Last night we went to the open house at Sam’s new high school. It was like PTSD for me. With his schedule in hand, we had to go to each of his classes for ten minutes. I am one who actually liked school, but after going until the 18th grade (what cool grad school kids call it), I’m done.


Just sitting in his biology classroom and talking about dissection and photosynthesis made me want to scream. Don’t even get me started on the references to cosine, sine and tangents in math class. Ugh. Sam already got in trouble in Spanish class for cracking his knuckles. “No tronarse los dedos!” (I had to look that up). We are off to a good start!

I didn’t get in trouble much in school, did you? I remember one time in ninth grade my geometry teacher threw an eraser at my face and I cried. I’m sure I didn’t deserve it. These days if a teacher did that they’d be burned at the stake.

Good luck, Sam. See you at graduation. Hope you don’t get arthritis from all that knuckle cracking (also, never swallow your gum or it will take 49 years to digest).

Speaking of kids and high school, a reader emailed me an  interesting question yesterday.  I thought you guys might want to weigh in.

“My husband and I are really struggling with my son and running high school cross country. He loves the practices but not the meets. He has anxiety and gets down the  week before he has to run a race. He says it hurts too much (he goes all out, and it would not be an option for him to not do his his best in every race). I think because he is our best runner he feels that pressure. He likes to run and everything else about cross country except what it does to him. We have already told him he does not have to do track in the spring. Coming from a Christian perspective I feel God has given him a gift and the anxiety and stress is not from God. We want to do what is right, but it is a tough call.”

At first I thought this was similar to a a subject I wrote about a couple of months ago in a posted title, “Should We Push Kids to Run?,” but then I realized it was quite different. That older post referred to kids who wanted to quit sports, but were “forced” into continuing for varying reasons. The above question, in my opinion, is about the mental aspect of pushing hard, and if it is okay to quit when we feel scared and inadequate.

I don’t know what I would do in this mom’s shoes, and I never ran cross country, but here was my stab at a response. Maybe it stinks, but it came from the heart:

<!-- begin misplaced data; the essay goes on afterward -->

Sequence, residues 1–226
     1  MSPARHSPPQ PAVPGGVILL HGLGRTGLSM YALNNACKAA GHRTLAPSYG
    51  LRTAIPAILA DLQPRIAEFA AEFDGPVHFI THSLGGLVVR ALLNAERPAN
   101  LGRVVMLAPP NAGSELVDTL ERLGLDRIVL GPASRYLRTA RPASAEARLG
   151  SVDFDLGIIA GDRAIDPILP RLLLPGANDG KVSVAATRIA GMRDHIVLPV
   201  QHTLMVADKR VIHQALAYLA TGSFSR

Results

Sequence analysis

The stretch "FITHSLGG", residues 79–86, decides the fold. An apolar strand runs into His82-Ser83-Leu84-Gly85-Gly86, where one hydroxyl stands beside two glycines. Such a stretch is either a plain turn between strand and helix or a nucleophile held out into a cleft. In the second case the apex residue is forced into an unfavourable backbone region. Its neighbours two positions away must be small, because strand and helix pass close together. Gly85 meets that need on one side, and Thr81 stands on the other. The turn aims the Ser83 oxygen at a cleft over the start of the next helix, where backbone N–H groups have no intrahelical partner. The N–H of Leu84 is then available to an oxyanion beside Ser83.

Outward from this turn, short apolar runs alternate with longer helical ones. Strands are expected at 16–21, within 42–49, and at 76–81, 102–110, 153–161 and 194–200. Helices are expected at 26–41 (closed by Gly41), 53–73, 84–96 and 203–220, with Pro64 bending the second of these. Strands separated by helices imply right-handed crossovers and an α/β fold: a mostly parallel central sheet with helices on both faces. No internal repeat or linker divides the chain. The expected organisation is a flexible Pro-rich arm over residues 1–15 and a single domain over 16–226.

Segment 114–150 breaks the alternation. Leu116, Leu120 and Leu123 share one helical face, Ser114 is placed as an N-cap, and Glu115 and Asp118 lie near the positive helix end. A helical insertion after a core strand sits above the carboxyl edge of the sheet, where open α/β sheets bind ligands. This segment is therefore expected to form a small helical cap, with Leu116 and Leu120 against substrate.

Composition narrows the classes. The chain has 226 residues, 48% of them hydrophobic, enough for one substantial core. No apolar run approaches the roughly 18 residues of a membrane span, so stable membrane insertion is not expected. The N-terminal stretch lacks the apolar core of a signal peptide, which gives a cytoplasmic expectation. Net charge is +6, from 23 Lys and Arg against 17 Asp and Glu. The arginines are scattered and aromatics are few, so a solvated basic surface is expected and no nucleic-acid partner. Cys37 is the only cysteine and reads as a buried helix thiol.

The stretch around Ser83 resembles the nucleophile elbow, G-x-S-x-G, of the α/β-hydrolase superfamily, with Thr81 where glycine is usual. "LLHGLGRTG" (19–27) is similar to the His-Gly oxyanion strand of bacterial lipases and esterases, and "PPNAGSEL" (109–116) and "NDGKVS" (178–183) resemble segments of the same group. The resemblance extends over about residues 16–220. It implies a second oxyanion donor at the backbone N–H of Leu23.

“My rule of thumb with my kids is that I encourage them to not make decisions based on fear.  If they hate something, that is another story. So, if your son hated cross country, I would say maybe he should finish out the season and stop. But, it sounds like the issue is ultimately his fear of failure and being uncomfortable.

Yes, he has pressure and anxiety, but that is likely rooted in him feeling he might not do well enough. I think any athlete who has  excelled and given it their all (and who is the best in their school at what they do) probably feels this. Running hard and fast is very demanding. For everybody. That is why coaches work so hard with their runners on the mental aspects of racing. 

It is also very tough to always be the winner because you have to live up to that each and every time. Maybe he needs to give himself permission to lose a race, to take the pressure off. Before quitting, I'd suggest some remedies to get to the heart of the fear and to manage the anxiety. Is his coach aware of what is going on? What is his/her advice?

If none of this works then in my opinion, it is his decision. If he truly loves running, he will come back to it. Yes, he may have a gift of running, but he also has other gifts. Just because we are good at something doesn’t mean we have to do it if it makes us really unhappy. We just need to make sure we stop for the right reasons.”

Can you help this mom out with some of your suggestions?

Did you ever deal with this personally while running cross country or track in high school or college? What did you do?

What is the best way to combat performance anxiety (besides Viagra)?


Wednesday, August 22, 2012

The Top 10 Mistakes You Might Be Making While Training and Racing

Sometimes when I Google things like, “How to not kill your child when he shoves his little sister into her new locker



Or, “How to fart delicately when you are in a social situation” (who knew there are actually activated charcoal underwear and pads?), I happen upon some really interesting information that I think everyone should know.

Today I’m sharing with the you Top Ten Biggest Mistakes Endurance Athletes Make (by Hammer Nutrition). It might not surprise you to find the biggest mistake made is that people don’t use Hammer Nutrition (just kidding, sort of).

I want to share these with you because I am a hugely flawed and mistake-ridden endurance athlete. I have done it all wrong (three injuries in three years), and now I am backtracking and trying to do it all right. I don’t want to spend the rest of my life in MRI machines, crying while holding a 20 ounce glass of wine.

Overall, I think it’s a good list even though it is biased towards Hammer Nutrition (which is a great product, but not one I’ve used excessively). I tried not to plagiarize, but instead to summarize in my own words  (I don’t want Ms. Priles from ninth grade to come and give me a wedgie and an “F,” which would cause my dad to take away my new Michael Jackson album and my Love’s Baby Soft). I also added in my own two cents because this is my blog and I like to do that. If you take issue with any of these, let me know in the comments section. Some make sense to me and some I’m not sure about.